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How to Plan your Medical Career

As you move from student to physician-in-training, the way you learn changes as well.

As a student, you have a core curriculum to follow.

As residents and attending physicians, you direct your learning.

You have to become active participants in extrapolating the information you need from the information presented.

Sure, there are opportunities to learn from scheduled lectures, grand rounds, and attending rounds.

You have to become active participants in extrapolating the information you need from the information presented.

You have to become even more purposeful to make learning a priority.

The exciting part is you can create your curriculum that incorporates what you need for a successful life and career.

Experiences with patients and their families shape the lesson plan.

Effectively and efficiently engaging with medical professionals on the team contributes to the blueprint.

Discovering what makes you happy and feeling fulfilled ads to the syllabus.

Creating your curriculum and having the discipline to diligently direct the course empowers doctors to move purposefully in your life and career.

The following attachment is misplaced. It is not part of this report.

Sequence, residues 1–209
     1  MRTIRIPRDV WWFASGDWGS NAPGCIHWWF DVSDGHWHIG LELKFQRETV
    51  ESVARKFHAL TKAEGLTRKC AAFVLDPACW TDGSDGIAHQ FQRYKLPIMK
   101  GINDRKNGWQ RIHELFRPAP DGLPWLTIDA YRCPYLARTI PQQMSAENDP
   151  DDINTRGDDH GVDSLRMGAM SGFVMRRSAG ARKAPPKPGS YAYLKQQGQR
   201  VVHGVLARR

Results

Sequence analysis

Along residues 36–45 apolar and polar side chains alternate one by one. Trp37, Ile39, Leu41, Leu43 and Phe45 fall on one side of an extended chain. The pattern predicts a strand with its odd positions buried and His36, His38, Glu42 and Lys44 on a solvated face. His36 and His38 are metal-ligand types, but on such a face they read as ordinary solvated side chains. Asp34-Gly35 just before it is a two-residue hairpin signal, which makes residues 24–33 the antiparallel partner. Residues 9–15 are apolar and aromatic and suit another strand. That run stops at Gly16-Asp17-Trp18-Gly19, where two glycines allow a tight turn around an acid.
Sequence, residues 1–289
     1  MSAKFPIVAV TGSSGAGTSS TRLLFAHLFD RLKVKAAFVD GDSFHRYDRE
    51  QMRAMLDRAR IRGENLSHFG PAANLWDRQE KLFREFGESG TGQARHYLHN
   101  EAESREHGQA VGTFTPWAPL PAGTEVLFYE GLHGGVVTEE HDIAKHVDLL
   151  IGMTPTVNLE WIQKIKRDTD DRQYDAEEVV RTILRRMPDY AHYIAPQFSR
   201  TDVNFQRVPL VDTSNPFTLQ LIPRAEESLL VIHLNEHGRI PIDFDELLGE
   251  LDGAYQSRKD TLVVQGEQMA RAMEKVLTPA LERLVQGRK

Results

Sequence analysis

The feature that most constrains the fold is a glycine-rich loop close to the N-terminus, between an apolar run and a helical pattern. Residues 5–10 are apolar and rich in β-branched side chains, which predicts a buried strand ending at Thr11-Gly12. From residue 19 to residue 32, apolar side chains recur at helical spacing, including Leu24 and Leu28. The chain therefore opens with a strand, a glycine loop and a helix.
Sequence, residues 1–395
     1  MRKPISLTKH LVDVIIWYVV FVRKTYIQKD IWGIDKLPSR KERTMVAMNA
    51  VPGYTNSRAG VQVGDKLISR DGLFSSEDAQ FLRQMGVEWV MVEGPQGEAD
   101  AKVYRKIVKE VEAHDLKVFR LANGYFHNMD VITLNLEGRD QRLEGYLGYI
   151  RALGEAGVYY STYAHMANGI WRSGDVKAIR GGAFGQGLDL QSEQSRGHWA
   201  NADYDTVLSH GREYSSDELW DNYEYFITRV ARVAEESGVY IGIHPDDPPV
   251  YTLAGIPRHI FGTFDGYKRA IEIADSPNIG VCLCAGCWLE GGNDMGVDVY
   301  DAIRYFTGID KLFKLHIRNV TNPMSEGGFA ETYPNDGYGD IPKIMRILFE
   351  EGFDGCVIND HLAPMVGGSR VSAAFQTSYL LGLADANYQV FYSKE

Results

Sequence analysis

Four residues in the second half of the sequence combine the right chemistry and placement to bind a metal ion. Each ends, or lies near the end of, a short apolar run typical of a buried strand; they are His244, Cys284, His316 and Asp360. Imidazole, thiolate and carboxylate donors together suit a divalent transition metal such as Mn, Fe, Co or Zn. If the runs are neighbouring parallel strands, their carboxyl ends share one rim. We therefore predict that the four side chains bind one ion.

Here are three areas of focus to create your curriculum:

Learn more about yourself.

You have mastered the medical information.

You are working on integrating your knowledge into the patient experience.

What do you need to learn about yourself?

Do you even know what makes you happy?

Most doctors focus on their patients, their staff, their career advancement, and their families.

Create time to focus on your interests and hobbies that when you add them to your life experience helps to relieve stress and bring ease into your life.

Notice what aspects of medicine energize you and excite your soul.

Notice what aspects of medicine energize you and excite your soul.

These are the experiences you enjoy engaging in.

This is a clue that you are operating in your genius zone.

Maybe it’s clinical.

Maybe it’s in the research arena.

Maybe your interest is in quality improvement, IT, or enhancing the patient experience.

This modern era of medicine offers many new avenues to explore.

Tapping into your genius zone directs your path.

Notice what are the experiences where you struggle, doubt yourself, and complain.

Before completely abandoning those experiences, dissect out the reasons why they elicit the reactions and feelings that they do.

What values are being challenged?

Is there something to learn professionally or personally that will shift the experience into a positive one?

Creating a core curriculum adds direction to your life and career.

Once outlined, it aids in the decision-making process as opportunities arise.

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